“Tell me, what is it you plan to do with your one wild and precious life?”
When I was three years old, my dad made me a pair of wooden wings and told me that if I practiced enough, I could learn how to fly. I raced around our garden for hours but soon realized that my efforts were in vain. I see now that those wings symbolize my father's belief in my ability to achieve "the impossible."

Ten years later, Archbishop Desmond Tutu visited my school in Cape Town to pass on some insight on his struggle against apartheid. He told us that we had "infinite worth, limitless potential" and that we should never allow circumstances to make us believe otherwise. I am fortunate that I have had the encouragement and opportunities to live by his advice.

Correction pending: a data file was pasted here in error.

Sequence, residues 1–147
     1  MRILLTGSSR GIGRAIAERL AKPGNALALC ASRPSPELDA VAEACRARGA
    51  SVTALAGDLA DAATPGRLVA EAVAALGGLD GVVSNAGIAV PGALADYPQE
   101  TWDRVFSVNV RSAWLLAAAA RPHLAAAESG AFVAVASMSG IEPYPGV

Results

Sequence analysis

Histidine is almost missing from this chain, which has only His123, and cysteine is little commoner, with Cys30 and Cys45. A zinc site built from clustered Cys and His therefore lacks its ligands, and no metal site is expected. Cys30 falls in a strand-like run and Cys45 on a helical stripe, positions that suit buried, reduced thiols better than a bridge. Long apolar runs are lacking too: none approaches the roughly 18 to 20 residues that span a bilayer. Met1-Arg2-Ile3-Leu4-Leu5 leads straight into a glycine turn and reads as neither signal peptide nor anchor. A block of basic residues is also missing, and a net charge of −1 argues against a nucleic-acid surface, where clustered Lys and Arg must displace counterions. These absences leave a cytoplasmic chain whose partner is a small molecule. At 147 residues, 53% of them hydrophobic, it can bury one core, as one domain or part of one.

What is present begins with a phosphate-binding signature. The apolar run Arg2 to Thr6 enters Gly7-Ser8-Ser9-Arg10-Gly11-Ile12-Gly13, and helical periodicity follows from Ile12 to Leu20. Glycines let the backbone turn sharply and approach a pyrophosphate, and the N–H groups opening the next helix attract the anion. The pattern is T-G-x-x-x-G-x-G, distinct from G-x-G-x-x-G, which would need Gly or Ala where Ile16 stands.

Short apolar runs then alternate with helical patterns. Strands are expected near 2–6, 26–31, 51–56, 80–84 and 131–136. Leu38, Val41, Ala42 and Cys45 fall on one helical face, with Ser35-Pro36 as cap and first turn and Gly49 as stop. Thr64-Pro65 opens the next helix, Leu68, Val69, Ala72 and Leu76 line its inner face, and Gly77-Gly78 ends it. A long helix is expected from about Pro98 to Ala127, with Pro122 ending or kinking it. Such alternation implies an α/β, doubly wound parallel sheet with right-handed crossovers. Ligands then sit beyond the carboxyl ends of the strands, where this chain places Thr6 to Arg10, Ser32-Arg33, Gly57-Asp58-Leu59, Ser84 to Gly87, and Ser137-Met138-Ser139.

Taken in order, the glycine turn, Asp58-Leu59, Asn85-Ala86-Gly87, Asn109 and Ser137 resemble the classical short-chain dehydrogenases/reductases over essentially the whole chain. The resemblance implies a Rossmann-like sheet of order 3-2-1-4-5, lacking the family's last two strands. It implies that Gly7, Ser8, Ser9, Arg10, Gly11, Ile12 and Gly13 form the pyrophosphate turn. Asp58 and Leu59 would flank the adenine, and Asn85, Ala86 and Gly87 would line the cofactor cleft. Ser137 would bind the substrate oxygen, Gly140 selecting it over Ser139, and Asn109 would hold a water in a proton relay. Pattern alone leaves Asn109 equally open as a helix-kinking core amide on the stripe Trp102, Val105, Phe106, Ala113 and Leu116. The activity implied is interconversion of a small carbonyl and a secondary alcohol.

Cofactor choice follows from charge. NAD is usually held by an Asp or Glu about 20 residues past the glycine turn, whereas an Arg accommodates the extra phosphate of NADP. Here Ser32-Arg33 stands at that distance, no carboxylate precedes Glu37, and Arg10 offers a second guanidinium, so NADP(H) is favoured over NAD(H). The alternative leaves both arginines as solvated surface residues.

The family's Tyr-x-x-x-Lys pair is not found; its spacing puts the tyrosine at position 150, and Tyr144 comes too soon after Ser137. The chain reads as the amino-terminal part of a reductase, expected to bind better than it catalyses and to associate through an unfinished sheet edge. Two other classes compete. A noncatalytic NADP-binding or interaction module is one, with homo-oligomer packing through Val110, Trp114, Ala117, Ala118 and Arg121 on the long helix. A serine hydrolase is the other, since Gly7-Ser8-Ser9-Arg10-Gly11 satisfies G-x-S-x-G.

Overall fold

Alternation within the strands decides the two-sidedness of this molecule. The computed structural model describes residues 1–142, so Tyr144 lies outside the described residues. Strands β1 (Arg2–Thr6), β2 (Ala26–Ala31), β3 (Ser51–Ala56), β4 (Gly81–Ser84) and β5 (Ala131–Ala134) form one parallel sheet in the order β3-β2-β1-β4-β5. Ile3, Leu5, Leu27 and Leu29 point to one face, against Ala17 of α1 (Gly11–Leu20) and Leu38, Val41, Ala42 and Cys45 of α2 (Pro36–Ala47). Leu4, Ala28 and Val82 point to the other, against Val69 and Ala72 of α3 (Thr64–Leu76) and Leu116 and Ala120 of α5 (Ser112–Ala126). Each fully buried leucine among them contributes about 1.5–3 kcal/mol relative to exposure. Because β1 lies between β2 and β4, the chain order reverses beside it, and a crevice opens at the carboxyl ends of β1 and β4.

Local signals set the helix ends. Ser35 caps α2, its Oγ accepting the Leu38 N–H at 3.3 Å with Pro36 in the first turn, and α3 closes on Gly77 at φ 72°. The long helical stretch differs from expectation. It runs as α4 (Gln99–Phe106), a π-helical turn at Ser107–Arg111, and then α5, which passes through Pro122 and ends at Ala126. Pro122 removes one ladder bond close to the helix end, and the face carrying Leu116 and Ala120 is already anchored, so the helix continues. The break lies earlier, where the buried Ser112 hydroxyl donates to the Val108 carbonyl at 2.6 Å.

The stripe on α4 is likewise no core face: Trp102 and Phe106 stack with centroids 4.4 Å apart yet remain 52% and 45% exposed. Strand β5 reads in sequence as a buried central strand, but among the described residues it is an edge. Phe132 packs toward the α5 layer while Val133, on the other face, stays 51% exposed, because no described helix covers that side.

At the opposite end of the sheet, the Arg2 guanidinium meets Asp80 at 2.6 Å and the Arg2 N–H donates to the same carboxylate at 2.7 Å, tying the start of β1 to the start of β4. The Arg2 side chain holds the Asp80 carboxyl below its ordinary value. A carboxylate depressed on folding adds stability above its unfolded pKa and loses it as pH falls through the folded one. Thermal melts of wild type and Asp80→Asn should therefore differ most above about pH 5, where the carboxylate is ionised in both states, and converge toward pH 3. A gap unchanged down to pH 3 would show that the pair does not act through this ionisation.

Yet, just five miles away from where I grew up, children do not have fathers to make them "wings," nor role models to inspire them. It is not a lack of talent that puts African children at a disadvantage. It's the fact that their parents often do not have the resources to inspire them to achieve their dreams.

For generations, structural change in Africa has seemed impossible. But while she is a "forgotten continent," her children, too, have "infinite worth, limitless potential." Just as I had tried to fly as a three-year-old, now is the time to focus on the next impossible challenge: implementing change in the continent that has given so much to me, but so little to many of its other children.

In the years that follow, I hope to "pay it forward" by passing on my "wings" to the next generation of African children, so that they, too, can joyously race around gardens and learn how to fly.


— Nathalie duPreez